After the world's largest news organisation reports a possible takeover, we set the flux-capacitor to full and scry the future.
Atomic, over the years *sniff, sniff* has followed the course of Advanced Micro Devices very closely. From plucky upstart, to a company that deserved to outsell Intel ten-to-one for many years, to the ATI purchased and eventually the mixture of bad luck and decisions that saw it never quite recover from the Phenom I / Core 2 mismatch. As such we felt it logical to take a look right here and now at where it stands.
After many earlier rumours of a takeover, it is looking like AMD could finally end up as someone else’s property. Reuters reported earlier this month that AMD hired US bank JPMorgan Chase & Co to ‘explore options’, which may include a sale. After investigation, a source inside the chipmaker confirmed that “an outright sale of the company is not a priority”’ (emphasis ours) and that other possible options include the sale of assets including patents to aid cashflow. At this point exact details are typically murky, but basic figures imply there is a threat to AMD here. After buying some appropriate qualifications at a prestigious online university and thumbing through a copy of Superfreakonomics, we took a gander at the situation.
Publicly available financial statements give a clear picture of an organisation that has been on the ropes for a while. With the glory days of the FX-60 and first Opertons gone, and without significant mobile presence, AMD is bleeding money fast and has been the last five years - losing well over a half a billion US dollars in the last 18 months, $US 130m of it in the last three months. What is more shocking to see is the scale of effect on the company's value. This has plummeted from $US 16bn just prior to the launch of Intel’s Core 2, to just $US 1.34bn today. We all know from a hardware point of view that AMD has lacked a truly killer CPU product of late but its continuing relevance for enthusiasts - I mean what idiot hasn’t bought one of its GPUs over the last few years? - hides an utter financial catastrophe. Such repeated massive negative earnings (bear in mind the last three month's losses amount to a tenth of the company's entire value) just can't go on for much longer.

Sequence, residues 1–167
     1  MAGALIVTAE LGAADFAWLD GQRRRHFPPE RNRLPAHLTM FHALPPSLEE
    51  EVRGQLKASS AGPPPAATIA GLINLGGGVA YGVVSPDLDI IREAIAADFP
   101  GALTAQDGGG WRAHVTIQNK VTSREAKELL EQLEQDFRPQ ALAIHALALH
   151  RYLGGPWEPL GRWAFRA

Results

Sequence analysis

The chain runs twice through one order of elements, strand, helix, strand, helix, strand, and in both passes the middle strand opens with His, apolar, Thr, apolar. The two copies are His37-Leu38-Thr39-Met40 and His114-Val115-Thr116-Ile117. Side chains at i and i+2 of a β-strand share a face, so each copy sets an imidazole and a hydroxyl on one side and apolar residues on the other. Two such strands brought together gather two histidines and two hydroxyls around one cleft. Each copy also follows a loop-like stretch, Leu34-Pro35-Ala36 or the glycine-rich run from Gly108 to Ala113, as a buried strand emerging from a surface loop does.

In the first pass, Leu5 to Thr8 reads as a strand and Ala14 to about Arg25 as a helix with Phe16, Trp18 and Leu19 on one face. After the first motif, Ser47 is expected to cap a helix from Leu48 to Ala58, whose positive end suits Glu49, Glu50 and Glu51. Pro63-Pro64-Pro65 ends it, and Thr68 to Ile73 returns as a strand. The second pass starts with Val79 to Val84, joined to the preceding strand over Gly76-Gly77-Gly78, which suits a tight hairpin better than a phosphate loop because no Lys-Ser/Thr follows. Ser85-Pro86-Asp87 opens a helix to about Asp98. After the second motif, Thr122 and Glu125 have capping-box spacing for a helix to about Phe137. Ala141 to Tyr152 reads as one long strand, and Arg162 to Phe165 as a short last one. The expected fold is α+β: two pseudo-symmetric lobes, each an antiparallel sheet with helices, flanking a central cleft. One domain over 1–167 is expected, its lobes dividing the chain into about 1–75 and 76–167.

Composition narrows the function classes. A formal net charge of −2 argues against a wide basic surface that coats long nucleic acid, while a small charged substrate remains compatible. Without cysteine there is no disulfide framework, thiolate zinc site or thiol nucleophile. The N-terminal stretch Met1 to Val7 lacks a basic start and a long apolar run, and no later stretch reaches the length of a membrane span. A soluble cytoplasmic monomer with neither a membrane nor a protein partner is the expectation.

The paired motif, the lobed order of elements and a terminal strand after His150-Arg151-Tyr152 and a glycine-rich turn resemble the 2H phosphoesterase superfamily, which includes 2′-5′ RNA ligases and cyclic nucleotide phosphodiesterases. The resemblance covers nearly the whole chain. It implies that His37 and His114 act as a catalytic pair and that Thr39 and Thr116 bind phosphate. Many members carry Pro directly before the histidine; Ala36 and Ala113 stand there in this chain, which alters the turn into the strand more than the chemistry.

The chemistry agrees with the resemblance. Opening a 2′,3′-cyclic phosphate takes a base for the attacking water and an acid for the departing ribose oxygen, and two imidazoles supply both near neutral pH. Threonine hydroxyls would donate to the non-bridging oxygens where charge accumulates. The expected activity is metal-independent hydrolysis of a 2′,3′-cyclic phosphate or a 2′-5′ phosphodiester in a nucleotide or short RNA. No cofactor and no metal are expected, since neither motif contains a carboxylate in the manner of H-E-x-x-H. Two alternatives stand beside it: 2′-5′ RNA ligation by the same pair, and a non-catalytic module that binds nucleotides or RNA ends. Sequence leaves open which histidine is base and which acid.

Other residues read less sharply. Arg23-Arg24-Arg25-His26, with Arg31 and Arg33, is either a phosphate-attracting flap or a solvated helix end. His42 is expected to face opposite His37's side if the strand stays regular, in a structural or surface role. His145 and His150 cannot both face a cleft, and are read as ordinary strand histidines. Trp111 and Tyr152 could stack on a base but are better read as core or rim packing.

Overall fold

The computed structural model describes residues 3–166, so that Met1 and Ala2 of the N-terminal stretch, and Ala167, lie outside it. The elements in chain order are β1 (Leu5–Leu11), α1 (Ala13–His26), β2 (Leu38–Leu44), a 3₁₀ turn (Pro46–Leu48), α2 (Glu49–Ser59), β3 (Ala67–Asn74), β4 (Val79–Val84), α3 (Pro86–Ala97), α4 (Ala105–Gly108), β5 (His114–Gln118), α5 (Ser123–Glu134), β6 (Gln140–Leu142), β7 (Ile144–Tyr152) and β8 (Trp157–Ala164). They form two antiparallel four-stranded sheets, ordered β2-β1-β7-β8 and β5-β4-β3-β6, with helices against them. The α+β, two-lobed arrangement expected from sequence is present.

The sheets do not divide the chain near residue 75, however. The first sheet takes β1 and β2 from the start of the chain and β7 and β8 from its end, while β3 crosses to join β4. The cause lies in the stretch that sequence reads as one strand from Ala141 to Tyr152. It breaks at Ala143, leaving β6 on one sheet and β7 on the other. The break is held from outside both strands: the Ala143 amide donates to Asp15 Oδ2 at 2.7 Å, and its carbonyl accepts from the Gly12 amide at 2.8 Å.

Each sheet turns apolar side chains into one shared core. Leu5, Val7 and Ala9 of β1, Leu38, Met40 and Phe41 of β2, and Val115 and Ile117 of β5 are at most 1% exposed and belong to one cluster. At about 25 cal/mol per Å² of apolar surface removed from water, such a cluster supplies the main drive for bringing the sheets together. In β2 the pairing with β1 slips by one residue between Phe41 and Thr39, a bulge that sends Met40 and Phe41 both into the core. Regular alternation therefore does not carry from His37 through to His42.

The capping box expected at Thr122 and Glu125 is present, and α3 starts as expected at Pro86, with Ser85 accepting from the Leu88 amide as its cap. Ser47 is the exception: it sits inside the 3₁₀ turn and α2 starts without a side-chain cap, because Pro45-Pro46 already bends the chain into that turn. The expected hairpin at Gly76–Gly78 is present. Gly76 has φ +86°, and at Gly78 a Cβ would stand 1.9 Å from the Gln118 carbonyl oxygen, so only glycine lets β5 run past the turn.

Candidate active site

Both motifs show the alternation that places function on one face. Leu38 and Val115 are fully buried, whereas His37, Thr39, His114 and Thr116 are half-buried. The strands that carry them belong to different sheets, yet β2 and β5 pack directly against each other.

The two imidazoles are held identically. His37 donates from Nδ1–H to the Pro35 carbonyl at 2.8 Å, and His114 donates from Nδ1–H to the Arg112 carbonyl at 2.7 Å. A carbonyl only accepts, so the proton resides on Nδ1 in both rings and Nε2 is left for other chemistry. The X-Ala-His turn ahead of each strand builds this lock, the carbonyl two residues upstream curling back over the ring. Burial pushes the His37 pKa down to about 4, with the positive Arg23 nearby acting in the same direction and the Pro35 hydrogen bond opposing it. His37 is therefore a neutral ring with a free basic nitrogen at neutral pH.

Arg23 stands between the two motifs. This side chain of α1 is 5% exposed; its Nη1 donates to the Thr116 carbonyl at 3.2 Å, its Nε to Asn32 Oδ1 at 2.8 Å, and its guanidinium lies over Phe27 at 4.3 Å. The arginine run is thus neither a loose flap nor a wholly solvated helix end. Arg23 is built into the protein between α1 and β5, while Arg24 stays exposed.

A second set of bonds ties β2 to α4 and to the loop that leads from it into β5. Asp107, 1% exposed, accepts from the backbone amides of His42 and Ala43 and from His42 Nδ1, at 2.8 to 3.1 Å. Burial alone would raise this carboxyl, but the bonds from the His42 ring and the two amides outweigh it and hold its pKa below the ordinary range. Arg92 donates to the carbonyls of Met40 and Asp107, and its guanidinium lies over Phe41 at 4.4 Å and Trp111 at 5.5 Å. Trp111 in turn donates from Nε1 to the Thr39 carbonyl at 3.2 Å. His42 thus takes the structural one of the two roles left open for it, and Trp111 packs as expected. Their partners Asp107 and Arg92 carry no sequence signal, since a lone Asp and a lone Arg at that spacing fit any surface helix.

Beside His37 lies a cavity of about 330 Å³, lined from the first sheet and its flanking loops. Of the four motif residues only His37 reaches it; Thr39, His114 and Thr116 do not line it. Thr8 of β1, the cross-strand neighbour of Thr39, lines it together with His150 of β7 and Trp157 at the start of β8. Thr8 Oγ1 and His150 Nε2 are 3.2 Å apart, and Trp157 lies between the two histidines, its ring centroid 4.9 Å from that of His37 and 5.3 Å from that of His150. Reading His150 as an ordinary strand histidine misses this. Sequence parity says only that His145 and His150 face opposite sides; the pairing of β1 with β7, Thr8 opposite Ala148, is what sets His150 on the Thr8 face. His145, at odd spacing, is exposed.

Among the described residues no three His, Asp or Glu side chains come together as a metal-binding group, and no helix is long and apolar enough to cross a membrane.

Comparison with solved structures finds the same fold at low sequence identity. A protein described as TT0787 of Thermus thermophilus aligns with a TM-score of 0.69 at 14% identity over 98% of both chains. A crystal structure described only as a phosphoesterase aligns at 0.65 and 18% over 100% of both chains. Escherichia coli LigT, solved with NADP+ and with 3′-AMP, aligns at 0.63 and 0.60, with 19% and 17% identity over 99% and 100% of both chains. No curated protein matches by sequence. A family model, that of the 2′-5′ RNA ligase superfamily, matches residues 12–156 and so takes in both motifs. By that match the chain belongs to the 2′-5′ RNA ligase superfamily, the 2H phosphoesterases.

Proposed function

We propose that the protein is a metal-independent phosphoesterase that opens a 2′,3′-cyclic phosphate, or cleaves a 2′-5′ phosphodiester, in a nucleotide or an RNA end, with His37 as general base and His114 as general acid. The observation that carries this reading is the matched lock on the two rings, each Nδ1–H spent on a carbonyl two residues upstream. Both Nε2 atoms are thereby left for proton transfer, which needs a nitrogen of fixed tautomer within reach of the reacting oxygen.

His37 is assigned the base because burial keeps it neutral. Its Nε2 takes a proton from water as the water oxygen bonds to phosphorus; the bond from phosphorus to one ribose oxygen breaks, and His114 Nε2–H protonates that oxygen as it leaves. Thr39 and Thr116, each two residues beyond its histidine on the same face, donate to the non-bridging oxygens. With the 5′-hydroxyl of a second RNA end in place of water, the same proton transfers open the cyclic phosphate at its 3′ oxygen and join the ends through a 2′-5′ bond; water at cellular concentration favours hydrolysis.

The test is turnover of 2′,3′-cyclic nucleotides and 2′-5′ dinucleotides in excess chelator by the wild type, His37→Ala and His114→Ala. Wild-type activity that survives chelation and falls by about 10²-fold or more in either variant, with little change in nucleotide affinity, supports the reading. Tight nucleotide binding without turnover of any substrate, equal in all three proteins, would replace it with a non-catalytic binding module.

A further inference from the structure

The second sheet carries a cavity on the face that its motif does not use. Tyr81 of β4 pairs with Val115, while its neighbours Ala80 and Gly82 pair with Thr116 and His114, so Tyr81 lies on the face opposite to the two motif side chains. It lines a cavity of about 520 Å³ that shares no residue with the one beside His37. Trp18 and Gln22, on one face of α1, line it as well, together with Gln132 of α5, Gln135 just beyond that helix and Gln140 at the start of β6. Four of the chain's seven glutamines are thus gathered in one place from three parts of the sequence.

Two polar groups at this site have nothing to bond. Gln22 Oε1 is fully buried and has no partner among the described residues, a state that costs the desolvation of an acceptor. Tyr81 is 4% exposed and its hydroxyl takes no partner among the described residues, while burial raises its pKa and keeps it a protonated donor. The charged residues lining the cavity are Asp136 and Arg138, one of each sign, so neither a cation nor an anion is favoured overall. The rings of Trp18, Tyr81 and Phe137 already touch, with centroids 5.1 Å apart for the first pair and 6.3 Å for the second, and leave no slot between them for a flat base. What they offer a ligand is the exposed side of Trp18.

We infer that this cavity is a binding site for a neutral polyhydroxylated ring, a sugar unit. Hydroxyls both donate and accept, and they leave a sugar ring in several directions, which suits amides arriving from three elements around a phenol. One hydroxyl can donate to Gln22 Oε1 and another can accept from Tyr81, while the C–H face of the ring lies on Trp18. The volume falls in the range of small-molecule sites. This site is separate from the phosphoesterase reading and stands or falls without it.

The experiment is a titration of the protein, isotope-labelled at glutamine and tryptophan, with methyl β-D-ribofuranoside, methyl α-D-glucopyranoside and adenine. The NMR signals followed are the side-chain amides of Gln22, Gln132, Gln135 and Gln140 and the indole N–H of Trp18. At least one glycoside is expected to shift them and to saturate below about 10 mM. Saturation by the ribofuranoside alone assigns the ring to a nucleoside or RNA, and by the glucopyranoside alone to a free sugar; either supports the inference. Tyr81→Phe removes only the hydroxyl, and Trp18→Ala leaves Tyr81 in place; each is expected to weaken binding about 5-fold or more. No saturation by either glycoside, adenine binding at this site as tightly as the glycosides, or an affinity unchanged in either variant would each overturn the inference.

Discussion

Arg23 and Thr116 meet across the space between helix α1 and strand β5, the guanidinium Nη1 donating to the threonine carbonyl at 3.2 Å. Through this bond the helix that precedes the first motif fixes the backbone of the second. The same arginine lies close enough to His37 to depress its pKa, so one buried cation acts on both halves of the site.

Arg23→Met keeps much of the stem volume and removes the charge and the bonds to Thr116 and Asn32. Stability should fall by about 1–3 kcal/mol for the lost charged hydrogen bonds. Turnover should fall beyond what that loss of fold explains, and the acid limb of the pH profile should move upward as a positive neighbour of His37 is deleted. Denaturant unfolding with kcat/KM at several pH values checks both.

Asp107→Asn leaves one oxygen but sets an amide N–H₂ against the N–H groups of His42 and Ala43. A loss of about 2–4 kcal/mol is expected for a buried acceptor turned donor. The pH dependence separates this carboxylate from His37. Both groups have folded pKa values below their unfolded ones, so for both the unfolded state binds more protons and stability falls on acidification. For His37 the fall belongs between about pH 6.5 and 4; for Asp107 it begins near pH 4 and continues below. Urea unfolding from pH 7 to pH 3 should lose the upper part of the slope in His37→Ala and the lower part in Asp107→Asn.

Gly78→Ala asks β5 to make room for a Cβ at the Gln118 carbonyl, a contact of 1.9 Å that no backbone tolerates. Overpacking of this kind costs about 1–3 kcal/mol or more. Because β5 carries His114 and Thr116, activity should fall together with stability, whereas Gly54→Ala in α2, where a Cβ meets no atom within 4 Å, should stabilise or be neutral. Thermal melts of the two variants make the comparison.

Basic laws of finance say that if another organisation feels they can get more out of AMD than the current management can, they can and should offer more money for AMD than it is valued and that will likely be an offer the shareholders will accept. Just as telling, as the price of AMD drops lower and lower the number of companies that can offer that increases. In fact even without a planned sale, the fact that anyone can mount a hostile takeover then break the organisation into parts, such as a profitable GPU division and CPU design house (with its very rare rights to make x86 processors) makes AMD an attractive target. This side of things is ultimately not directly in the hands of management or engineers; as a publicly traded company, it’s down to the shareholders. That is why financial underperformance is so important: it could spell a quick end to what we still consider a technology giant . We hardly need to spell out the implications for the enthusiast world, but would invite you to look at the Blue Team's alleged anti-enthusiast heading.
The last six years in a rather sad nutshell (Source: Yahoo Finance)
There are still many reasons to suspect that AMD will eventually prosper and deserves to have current shareholders stick with it. For one Piledriver processors are already starting to cut the mustard - both in enthusiast ‘FX’ and the popular ‘A-Series’ (Trinity) APU variants, we are starting to see those who said Bulldozer had growth potential proven right. Performance still lags behind Intel, but AMD has steadily closed the gap after a disappointing debut of its all new architecture, while pricing has dropped enough to make it the new chips real competitors. So far the projections and technical details we've seen for the next two generations of Bulldozer chips, Excavator (2013) and Steamroller (2014-2015) indicate AMD will keep performance relative to Intel about steady.
Probably the best home for these Bulldozer successors is in the lucrative, massively multithreaded server world, and there Piledriver-based Opterons have started making a bigger and much needed impact. For the first time in a long time, AMD's offerings can be best value for money all up and contrary to the less threaded, maximum power computing enthusiast world, they can truly outperform Intel's servers chips. Further into the future there are plans for a completely different server type, using recently acquired SeaMicro tech and ARM-derived cores. There is a horizon to head for; the question is whether there is time to reach it.
In the final analysis, AMD’s technological destiny and its financial one obviously intertwine. As of late 2012 though, the pressure from the financial side is becoming overwhelming. In the current tentative climate, the company will probably shake off takeover threats but that will be the last time it's likely to do so. AMD has one last shot at making itself a truly viable technological enterprise again with the next-gen 'Excavator' and 'Steamroller' processors - otherwise the numbers say it faces sale or ruin within the next two years.